Manatee Park picture
Ai Angel Gentel/Getty Images

Key Info

10901 State Road 80

Details

Zoos and Aquariums Type
1 to 2 hours Time to Spend
4.0

scorecard

  • 4.5Value
  • 3.5Facilities
  • 4.0Atmosphere

It's best to stop by Manatee Park, a refuge for Florida manatees, during the winter season (between December and February). During the colder months, the animals flock to warm pockets of water to escape chilly temperatures. Since the park is directly on the warm water discharge canal of the Florida Power & Light company, it's a popular spot for these gentle creatures. There are a handful of observation decks to see the animals up close, but you can also hop into a kayak and paddle out to spot them. You probably won't see manatees if you visit in summer, but you can enjoy the park's 16 acres in kayaks or on guided tours. Recent visitors to the park say when its cool out (and with a little patience) you can see upwards of 50 manatees at the park. 

General admission to the park is free, but there is a small fee for parking ($5 a day, year-round). Kayak rentals and concessions are available from December to March from 9 a.m. to 4 p.m., the rest of the year concessions are closed and kayak rental is by reservation only. After catching a glimpse of the manatees, you can also explore the extensive on-site butterfly garden. You can check the website to see if manatees are present at the park on any given day.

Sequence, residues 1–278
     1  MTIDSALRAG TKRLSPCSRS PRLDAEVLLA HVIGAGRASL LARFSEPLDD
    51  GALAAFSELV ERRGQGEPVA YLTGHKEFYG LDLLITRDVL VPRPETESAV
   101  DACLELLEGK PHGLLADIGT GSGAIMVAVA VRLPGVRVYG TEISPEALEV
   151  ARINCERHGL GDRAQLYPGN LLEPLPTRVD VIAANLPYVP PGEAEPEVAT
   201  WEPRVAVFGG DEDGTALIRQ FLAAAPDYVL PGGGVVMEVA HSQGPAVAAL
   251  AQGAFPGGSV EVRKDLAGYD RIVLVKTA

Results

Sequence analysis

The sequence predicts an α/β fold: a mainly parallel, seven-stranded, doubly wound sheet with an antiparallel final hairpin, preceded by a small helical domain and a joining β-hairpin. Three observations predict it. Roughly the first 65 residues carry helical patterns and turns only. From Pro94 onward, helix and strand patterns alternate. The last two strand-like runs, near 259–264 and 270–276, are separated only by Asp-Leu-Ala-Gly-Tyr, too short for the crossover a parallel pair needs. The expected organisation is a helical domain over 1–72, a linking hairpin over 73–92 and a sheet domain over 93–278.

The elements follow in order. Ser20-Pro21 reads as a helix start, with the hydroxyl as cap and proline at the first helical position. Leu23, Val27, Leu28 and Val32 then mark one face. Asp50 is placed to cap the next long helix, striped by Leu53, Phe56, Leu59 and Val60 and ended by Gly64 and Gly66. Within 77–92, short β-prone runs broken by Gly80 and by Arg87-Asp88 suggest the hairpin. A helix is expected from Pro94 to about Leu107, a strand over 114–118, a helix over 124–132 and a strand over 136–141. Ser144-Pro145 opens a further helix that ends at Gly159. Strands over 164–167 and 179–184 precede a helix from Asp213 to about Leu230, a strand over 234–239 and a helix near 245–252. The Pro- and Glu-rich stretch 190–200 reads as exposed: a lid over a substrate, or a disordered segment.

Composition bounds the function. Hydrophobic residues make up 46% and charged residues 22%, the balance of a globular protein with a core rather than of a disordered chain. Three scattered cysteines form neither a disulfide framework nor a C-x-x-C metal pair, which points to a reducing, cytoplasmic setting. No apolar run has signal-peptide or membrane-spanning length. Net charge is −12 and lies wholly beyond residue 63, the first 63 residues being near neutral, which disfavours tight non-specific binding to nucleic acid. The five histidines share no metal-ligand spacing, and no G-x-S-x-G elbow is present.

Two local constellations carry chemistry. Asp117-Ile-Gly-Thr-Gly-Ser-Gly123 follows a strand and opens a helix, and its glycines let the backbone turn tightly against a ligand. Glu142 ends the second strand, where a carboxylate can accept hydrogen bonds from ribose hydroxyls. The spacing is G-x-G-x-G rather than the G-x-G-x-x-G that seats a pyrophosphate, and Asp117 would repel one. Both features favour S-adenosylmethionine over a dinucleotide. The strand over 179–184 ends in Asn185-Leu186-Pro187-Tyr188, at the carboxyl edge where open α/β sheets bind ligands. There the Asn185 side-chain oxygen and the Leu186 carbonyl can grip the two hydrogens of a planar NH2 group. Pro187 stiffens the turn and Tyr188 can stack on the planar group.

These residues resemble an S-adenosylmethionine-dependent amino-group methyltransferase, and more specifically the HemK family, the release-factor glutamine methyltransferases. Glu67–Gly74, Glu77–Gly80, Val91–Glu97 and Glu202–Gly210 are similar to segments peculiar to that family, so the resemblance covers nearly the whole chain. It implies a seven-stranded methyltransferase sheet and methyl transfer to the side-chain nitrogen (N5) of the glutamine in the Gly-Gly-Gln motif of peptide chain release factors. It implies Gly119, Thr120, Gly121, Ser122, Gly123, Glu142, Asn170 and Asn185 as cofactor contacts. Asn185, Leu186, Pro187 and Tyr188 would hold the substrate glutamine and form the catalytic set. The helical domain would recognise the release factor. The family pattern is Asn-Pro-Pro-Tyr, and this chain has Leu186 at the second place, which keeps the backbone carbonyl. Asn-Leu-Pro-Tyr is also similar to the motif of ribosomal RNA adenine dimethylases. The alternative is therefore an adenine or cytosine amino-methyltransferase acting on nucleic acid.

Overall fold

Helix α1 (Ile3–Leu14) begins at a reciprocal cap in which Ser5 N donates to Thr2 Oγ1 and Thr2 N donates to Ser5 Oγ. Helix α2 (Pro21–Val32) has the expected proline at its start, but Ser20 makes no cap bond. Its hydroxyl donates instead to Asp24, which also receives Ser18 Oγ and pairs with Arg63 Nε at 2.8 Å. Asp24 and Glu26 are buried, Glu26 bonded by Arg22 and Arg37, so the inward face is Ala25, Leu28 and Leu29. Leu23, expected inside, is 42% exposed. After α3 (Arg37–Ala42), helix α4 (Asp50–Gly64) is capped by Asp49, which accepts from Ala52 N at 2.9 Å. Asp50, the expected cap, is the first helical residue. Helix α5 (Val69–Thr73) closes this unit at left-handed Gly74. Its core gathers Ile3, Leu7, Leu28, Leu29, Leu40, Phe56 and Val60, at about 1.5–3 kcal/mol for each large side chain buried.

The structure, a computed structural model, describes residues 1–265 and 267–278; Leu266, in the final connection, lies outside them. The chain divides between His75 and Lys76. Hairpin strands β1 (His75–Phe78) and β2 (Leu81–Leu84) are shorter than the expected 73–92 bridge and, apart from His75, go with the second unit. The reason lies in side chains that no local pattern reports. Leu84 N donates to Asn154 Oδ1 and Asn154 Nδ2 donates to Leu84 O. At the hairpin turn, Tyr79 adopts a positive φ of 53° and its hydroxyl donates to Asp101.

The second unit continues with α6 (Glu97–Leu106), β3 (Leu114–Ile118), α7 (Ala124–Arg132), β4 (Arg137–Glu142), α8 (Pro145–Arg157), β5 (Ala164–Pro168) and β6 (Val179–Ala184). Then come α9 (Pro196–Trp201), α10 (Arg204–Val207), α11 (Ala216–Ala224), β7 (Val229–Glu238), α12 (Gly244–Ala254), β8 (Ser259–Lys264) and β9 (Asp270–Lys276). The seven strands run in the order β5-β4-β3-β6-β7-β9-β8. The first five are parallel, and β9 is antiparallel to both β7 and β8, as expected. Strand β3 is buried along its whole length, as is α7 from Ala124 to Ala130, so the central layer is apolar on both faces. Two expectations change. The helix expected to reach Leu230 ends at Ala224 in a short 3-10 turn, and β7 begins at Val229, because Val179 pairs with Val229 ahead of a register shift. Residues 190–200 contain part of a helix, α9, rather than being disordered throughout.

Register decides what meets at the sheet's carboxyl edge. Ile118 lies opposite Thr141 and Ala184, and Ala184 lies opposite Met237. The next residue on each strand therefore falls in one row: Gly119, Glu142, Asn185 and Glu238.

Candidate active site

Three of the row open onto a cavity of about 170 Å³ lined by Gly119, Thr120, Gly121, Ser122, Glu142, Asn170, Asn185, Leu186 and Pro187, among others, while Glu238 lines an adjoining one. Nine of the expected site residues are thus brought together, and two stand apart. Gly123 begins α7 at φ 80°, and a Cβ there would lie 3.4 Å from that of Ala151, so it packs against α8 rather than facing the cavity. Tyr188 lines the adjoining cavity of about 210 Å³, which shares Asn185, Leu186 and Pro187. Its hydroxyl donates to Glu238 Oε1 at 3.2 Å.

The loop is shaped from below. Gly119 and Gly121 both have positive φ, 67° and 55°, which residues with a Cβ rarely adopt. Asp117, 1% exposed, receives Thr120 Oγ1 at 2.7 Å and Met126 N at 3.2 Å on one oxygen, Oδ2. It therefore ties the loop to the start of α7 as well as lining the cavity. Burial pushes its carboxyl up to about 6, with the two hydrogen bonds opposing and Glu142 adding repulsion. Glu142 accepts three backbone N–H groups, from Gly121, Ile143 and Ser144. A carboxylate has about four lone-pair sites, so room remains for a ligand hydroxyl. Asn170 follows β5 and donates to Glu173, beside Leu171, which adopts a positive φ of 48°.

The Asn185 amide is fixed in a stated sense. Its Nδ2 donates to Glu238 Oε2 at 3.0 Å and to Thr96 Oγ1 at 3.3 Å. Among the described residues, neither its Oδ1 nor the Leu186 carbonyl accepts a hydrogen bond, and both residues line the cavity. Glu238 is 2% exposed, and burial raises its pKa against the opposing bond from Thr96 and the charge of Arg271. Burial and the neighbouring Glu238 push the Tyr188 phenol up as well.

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Time to Spend
#1 J.N. "Ding" Darling National Wildlife Refuge

Named after a political cartoonist and conservationist, the J.N. "Ding" Darling National Wildlife Refuge occupies 8,000 acres of land on Sanibel Island, located southwest of Fort Myer's city center. The refuge, which takes up about half the entire island, was originally meant to conserve the island's significant mangrove forest. Today, it is still home to those mangroves, as well as animals like crocodiles, alligators and countless species of birds. In fact, for herons, cuckoos, ospreys, and other birds, the refuge is an important stop along their migratory path. Recent visitors to the park said it's a unique way to see a variety of wildlife. 

You'll see the most wildlife if you visit between the months November and April during low tide. If you visit in the summer be aware of the high humidity and increased amount of bugs – including mosquitos. You can explore the refuge in whatever way suits your tastes: on foot or bike via trails, in a canoe, or by car. Parts of the park also allow boating and fishing. The park is open every day, including holidays, but is closed all day each Friday. The park also offers a free visitor and education center that's open from 9 a.m. to 4 p.m. from May to December and open until 5 p.m. from January to April. Park hours vary throughout the year, so check the website before visiting. The website also includes tide charts to help you plan your visit. Admission is $5 per vehicle or $1 per pedestrian or bicycle. 

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